As both a rugby fan and a Scotland supporter, it was with great excitement and enormous trepidation that I took my trip to Japan in September. Great excitement to be attending the rugby world cup and visiting what I’d heard was a truly amazing country – enormous trepidation which is unfortunately a staple for any loyal follower of the boys in blue.
I hadn’t been to Japan before but I knew, from the things I’d read and the people I’d asked, that their culture was really different to both my own and that of where I currently live. Desperate not to make any horrible blunders and offend a nation of the most respectful and polite individuals, I invested a lot of time in making sure I learned how to greet and interact with people in a culturally acceptable manner. Thus, I successfully navigated my time in Japan (although Scotland’s performance didn’t quite fall into the bracket of successful!).
Even though national culture and organisational culture are not identical concepts, they are both largely intangible constructs which shape both expectations and behaviours of the people living inside them. They can also determine, to an extent, how successfully you can navigate situations and interactions during your time in the culture. So why, when we are at the very least willing to google a country before we visit, do we put so little effort into trying to research and understand an organisational culture before we make huge, life altering, decisions such as where we want to spend eight hours a day, five days a week for the foreseeable future?
Perhaps the first part of the answer to this is that organisational culture and its importance is not as widely understood as some HR professionals might like to believe. I remember going through an interview process a couple of years ago and when I got to the final interview with the CEO we had the following exchange:
Me: So, could you tell me a little bit about the culture here?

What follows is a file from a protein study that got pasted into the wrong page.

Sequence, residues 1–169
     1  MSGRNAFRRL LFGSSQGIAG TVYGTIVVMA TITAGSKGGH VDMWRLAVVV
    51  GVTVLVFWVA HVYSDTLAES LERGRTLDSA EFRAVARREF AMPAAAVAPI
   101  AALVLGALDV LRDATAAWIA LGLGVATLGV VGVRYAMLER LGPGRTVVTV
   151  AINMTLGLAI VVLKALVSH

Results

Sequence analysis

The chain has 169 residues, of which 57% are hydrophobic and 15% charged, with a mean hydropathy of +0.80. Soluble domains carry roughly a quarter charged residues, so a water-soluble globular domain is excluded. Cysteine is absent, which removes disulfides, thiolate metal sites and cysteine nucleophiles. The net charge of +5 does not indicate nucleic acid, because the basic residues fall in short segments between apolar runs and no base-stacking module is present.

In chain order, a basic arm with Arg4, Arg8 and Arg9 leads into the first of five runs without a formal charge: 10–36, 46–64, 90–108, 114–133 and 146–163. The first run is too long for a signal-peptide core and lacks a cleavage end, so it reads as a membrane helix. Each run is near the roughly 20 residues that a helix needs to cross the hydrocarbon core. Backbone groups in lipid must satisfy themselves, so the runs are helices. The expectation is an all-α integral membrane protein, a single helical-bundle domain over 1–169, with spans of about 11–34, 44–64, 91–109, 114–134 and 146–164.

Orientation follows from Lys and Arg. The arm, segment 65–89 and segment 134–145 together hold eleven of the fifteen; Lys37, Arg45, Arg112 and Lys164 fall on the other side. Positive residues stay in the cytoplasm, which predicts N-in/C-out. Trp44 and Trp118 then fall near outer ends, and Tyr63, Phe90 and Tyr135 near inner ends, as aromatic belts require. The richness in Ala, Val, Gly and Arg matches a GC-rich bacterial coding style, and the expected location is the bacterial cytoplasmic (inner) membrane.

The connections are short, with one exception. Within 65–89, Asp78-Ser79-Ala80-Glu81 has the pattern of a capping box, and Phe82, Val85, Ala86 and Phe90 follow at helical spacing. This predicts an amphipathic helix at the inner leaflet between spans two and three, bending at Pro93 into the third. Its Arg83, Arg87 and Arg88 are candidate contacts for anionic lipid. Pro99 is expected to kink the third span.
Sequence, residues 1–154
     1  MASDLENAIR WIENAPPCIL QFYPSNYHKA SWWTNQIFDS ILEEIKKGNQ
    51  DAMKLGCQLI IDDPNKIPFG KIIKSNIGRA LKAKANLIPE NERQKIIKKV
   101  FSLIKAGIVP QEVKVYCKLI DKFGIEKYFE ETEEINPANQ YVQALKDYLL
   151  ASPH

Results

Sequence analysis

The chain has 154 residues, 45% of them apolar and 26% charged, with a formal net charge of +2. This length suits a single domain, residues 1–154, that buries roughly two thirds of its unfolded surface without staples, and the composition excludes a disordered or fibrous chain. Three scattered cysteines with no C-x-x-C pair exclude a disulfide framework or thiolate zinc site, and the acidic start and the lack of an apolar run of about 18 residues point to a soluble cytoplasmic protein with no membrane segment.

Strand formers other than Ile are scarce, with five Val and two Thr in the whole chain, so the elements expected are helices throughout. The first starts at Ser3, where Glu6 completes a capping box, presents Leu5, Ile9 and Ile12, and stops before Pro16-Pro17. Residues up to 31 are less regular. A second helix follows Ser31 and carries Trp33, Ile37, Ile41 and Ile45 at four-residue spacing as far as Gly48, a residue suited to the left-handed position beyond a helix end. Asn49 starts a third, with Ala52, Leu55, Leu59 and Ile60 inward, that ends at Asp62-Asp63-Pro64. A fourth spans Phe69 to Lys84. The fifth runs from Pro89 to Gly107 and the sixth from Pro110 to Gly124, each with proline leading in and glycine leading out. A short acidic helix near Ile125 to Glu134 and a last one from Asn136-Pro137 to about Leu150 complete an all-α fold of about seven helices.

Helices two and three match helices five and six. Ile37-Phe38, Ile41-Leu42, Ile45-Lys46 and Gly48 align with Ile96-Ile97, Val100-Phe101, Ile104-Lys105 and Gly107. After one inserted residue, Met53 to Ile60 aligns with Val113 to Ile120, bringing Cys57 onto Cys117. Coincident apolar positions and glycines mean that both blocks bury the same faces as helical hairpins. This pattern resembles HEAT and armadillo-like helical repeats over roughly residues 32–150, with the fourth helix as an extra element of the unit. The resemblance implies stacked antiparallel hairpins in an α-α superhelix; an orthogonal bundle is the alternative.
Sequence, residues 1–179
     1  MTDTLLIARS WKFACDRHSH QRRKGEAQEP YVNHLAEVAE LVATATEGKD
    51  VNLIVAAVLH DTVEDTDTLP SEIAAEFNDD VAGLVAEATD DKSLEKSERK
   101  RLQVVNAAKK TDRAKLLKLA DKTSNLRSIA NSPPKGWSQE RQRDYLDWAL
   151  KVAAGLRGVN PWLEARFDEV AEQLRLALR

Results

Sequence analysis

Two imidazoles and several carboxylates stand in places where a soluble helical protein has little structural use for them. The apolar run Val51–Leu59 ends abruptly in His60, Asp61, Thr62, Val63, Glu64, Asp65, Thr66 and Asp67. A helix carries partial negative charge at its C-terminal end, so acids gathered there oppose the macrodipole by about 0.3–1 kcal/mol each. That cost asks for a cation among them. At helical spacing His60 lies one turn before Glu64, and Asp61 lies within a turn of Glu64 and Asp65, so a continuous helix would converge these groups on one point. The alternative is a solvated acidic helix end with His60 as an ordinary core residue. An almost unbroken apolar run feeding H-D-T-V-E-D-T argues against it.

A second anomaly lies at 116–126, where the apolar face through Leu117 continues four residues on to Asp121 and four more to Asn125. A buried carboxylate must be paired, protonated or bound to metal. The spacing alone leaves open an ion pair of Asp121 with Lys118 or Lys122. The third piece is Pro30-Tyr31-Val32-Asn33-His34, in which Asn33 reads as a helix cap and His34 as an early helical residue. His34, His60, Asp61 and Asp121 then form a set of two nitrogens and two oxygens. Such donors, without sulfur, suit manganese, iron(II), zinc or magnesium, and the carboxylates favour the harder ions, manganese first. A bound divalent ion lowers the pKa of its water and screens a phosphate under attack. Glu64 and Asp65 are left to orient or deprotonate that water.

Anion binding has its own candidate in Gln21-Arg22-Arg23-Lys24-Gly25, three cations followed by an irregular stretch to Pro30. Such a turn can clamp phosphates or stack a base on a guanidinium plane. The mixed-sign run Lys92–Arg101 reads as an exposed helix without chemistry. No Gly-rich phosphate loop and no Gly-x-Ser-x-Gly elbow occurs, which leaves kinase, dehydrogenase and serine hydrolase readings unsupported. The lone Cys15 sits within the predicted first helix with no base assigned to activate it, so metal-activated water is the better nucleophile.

CEO: I don’t know what you mean
Me: OK. I mean, what does it feel like to work here
CEO: It feels like I come to work then I get paid and I go home. I don’t get it.
So, perhaps inadvertently, he did answer my question but he certainly was not exactly on top of the culture question.
Which leads onto the second part of the answer. Even people who understand theoretically what organisational culture is, don’t always realise its importance and that it is a leverageable construct. Your culture can be used to attract certain types of people to your business or even filter out others. It can be used as part employee proposition, marketing and retention strategies to name but a few. Ignoring organisational culture is like sitting on a gold mine without even buying a metal detector.
And then we have the third, and perhaps most crucial, reason why we might ignore or tend to be passive about organisational culture. It is notoriously difficult to quantify, to measure. And when it’s difficult to quantify, it’s really hard to put into words. Maybe we don’t bother trying to find out about an organisations’ culture because we think any answer we get, is going to be complete guff?
And who could blame you. Even us so called experts can’t agree on a single model of organisational culture that everyone agrees is the best. There’s Edgar Scheins so-called onion model which points out some important factors but is often criticized for being over simplistic. Widely used is also Handy’s model of four cultural ‘types’ however, as widely as it is used, it is also criticised. The idea of four fixed types of culture feels instinctually wrong to most people; much like using a zodiac sign as an accurate predictor of personality. Then there’s my personal favourite – Johnson and Scholes Cultural Web; simultaneously critisised for being both overly complex and for its six levers of culture not being enough to accurately describe an organisation.
The good news is we feel like we are getting pretty darn close to a solution with the Leading Brains cultural assessments. Without blinding you with science (and giving away our secrets!) what we are able to do is take a tangible measure of the ‘personality’ of your organisation, what it feels like to be on the receiving end of it, what it values, what it rewards. We then also take into account the life stage of the organisation and what the trademarks of that are in terms of ways of working. Sprinkle on top of that a little organisational behaviour magic and you have, what we think is, the most accurate description of your cultural reality, a good baseline prediction of what’s likely to change and how as the organisation moves through the next life stage and what kind of people will thrive both now and then. Pretty cool.
So, if you’re sick of trying to bluff your way through the culture question in interviews or feeling lost when it comes to leveraging culture or even changing it (that is a whole other wasps’ nest and a conversation for another day), get in touch. Having the words and measures to explain what it feels like to work in your organisation is the start of being able to mine that gold!